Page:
Art Walk, Season 1 (see videos below) is an online presentation of some of the works of art done by Sisters of Charity, former sisters and associates over the years. It hoped to create a space to celebrate the gifts of the artists and to give thanks for the beauty they have shared with us.
We spoke with some of the artists featured in Season 1 of Art Walk to learn more of their inspiration and passion for art.
Sister Anne Power
It was a friend in Staten Island that encouraged me to take up art. She said that it was a great antidote to stress! Art classes in a nearby high school were being taught in the evening. The first class I took was with oils. Then I took lessons from Charlotte Marie (Charlotte Fraser) using watercolor and loved it.
I pursued art classes within many different adult education courses that were offered on Long Island. I even created a makeshift studio in an attic room at St. Aidan’s. I would go up the stairs and forget the rest of the world below. My favorite things to paint was and still is flowers.
When I came to Wellesley eight years ago, I took a few classes sponsored by the Council on Aging. Then I got involved with sharing what I knew with a few sisters from Marillac. Today I am pleased to be involved with painting birthday cards for the Sisters at Wellesley. I am grateful for those who encouraged me in making art and those who taught me.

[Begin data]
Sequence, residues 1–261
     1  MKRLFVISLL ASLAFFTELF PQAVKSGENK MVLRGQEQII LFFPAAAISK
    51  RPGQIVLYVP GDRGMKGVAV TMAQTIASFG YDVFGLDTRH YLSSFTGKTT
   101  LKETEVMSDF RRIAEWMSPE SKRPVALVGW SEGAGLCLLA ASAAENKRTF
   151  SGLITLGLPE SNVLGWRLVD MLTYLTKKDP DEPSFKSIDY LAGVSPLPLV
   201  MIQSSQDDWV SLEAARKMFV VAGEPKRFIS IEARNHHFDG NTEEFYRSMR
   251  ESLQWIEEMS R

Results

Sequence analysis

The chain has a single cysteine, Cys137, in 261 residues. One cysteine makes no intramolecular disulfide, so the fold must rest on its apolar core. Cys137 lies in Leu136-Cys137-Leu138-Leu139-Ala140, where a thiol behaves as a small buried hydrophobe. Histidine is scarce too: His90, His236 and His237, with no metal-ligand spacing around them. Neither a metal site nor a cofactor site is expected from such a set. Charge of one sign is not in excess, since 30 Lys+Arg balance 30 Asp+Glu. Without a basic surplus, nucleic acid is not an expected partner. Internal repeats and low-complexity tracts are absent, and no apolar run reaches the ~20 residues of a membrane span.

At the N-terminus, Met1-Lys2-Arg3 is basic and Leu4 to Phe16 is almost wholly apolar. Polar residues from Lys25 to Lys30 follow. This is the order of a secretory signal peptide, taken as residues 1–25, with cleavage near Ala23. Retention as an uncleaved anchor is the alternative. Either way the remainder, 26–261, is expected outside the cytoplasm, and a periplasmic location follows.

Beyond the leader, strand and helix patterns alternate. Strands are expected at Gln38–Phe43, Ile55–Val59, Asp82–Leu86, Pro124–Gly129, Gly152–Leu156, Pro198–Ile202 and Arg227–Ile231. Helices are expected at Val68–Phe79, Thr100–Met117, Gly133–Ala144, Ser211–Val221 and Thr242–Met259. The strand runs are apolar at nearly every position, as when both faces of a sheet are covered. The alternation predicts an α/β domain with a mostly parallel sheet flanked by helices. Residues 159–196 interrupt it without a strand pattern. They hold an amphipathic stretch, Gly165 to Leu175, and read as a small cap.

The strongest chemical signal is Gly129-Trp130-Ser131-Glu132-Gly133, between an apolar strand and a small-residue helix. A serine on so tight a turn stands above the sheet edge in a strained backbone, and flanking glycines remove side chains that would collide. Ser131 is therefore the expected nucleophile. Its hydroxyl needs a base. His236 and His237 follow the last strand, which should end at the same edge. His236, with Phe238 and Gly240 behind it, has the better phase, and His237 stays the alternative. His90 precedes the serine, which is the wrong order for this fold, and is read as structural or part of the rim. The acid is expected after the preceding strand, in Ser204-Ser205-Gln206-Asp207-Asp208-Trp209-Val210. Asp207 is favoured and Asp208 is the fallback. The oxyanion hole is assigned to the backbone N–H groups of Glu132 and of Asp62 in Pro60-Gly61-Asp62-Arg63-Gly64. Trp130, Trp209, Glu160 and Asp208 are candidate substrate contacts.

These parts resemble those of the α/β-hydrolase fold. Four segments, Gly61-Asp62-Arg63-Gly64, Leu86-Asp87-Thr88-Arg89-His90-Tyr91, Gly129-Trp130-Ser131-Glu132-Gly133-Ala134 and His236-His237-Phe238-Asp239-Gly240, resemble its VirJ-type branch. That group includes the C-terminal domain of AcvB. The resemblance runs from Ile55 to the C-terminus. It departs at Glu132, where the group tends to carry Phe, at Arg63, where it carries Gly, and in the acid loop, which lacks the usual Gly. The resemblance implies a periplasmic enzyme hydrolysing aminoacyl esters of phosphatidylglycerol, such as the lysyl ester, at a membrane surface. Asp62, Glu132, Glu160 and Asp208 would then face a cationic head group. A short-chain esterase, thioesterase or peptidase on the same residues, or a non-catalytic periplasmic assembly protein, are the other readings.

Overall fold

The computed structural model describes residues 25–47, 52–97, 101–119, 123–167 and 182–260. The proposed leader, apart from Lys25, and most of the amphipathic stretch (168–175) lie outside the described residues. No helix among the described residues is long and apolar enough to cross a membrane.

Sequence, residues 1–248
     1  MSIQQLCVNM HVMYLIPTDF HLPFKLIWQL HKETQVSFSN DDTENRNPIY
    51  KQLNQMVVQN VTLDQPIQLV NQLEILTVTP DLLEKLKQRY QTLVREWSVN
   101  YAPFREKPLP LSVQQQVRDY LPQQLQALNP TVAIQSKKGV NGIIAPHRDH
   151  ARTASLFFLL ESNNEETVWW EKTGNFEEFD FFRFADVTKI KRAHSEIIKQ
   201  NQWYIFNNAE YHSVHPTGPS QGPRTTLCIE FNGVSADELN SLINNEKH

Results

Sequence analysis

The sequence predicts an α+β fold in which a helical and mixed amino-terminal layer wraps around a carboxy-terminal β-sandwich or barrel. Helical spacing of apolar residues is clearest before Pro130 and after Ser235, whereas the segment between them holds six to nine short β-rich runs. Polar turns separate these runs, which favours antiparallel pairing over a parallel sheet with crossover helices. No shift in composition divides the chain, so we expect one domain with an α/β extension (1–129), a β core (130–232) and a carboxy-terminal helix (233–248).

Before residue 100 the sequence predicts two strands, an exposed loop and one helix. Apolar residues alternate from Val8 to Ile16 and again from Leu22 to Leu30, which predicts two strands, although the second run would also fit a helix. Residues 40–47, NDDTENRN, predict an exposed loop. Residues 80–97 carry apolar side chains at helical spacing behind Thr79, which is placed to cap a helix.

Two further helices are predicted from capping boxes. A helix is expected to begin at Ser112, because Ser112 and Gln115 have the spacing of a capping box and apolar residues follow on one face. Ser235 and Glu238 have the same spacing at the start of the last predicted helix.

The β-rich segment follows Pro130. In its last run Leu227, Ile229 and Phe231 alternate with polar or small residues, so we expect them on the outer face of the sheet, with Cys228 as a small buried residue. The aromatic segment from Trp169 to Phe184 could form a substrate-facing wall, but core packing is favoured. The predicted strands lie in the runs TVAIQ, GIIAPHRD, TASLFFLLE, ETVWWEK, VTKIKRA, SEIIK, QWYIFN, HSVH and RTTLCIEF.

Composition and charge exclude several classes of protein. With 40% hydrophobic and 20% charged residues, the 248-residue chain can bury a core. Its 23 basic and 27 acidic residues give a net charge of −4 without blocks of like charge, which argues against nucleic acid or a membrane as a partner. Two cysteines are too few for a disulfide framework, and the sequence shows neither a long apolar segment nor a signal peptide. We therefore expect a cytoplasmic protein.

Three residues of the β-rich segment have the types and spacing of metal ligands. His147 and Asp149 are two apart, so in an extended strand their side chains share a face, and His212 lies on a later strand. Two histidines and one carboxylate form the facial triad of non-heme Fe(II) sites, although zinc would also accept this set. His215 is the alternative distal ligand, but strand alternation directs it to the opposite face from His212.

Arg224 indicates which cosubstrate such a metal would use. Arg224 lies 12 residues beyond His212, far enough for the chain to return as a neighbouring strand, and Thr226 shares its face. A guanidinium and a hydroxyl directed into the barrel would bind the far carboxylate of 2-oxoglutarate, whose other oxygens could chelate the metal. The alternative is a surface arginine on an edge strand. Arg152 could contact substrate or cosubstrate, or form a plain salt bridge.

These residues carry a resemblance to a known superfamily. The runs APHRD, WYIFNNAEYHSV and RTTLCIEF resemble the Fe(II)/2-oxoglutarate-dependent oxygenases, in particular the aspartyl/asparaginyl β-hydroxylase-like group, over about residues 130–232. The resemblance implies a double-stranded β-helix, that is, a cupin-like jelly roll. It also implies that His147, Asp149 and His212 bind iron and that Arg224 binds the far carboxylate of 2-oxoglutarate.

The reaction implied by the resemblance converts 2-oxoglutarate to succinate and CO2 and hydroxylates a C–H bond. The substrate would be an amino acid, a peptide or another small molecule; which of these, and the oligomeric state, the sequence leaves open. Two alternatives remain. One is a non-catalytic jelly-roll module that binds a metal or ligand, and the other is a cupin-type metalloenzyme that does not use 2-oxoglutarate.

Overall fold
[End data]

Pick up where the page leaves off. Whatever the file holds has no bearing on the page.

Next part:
Pansies Galore — Sister Anne Power
Mary Kenney (Sister Judith Clare)
I remember a time when I was in fourth grade and had a sick day home from school. I asked my mother for something to draw on and she opened up a big brown bag. Since it was near Christmas and Christmas cards were all around the house, I drew a picture of Santa. A little later Mom came from the kitchen and with great enthusiasm said how beautiful it was. That positivity gave me the belief that I did have a gift for drawing. In high school at Dominican Commercial, Jamaica, NY, there was no art program and because I commuted from Long Island there was no chance to participate in after school clubs. So the gift lay fallow.
I entered the Sisters of Charity – Halifax in the early 60’s and after initial formation began teaching. I remember when my love for art was rekindled. S. Edward Marie, who was in charge of further studies, interviewed me and asked if there was anything particular I could see myself doing. I immediately responded: art!! It was then that I began taking classes in Georgian Court which led to a Masters at NYU. I later taught courses at Georgian Court, was administrative assistant to the Chair at NYU’s Art Dept and for 20 years held the position of Chair at St. John’s Prep H.S. (Astoria, Queens) Art Dept. I will always be grateful for the opportunity to pursue art because it opened up a whole new world for me. It gave me the opportunity to pursue what I loved and to this day I am totally addicted to it!
Sister Noreen Trainor
I began painting after I retired from teaching. I was at St. Stephen’s and S. Helen Cormier was there painting so it was wonderful to have her answer any of my questions.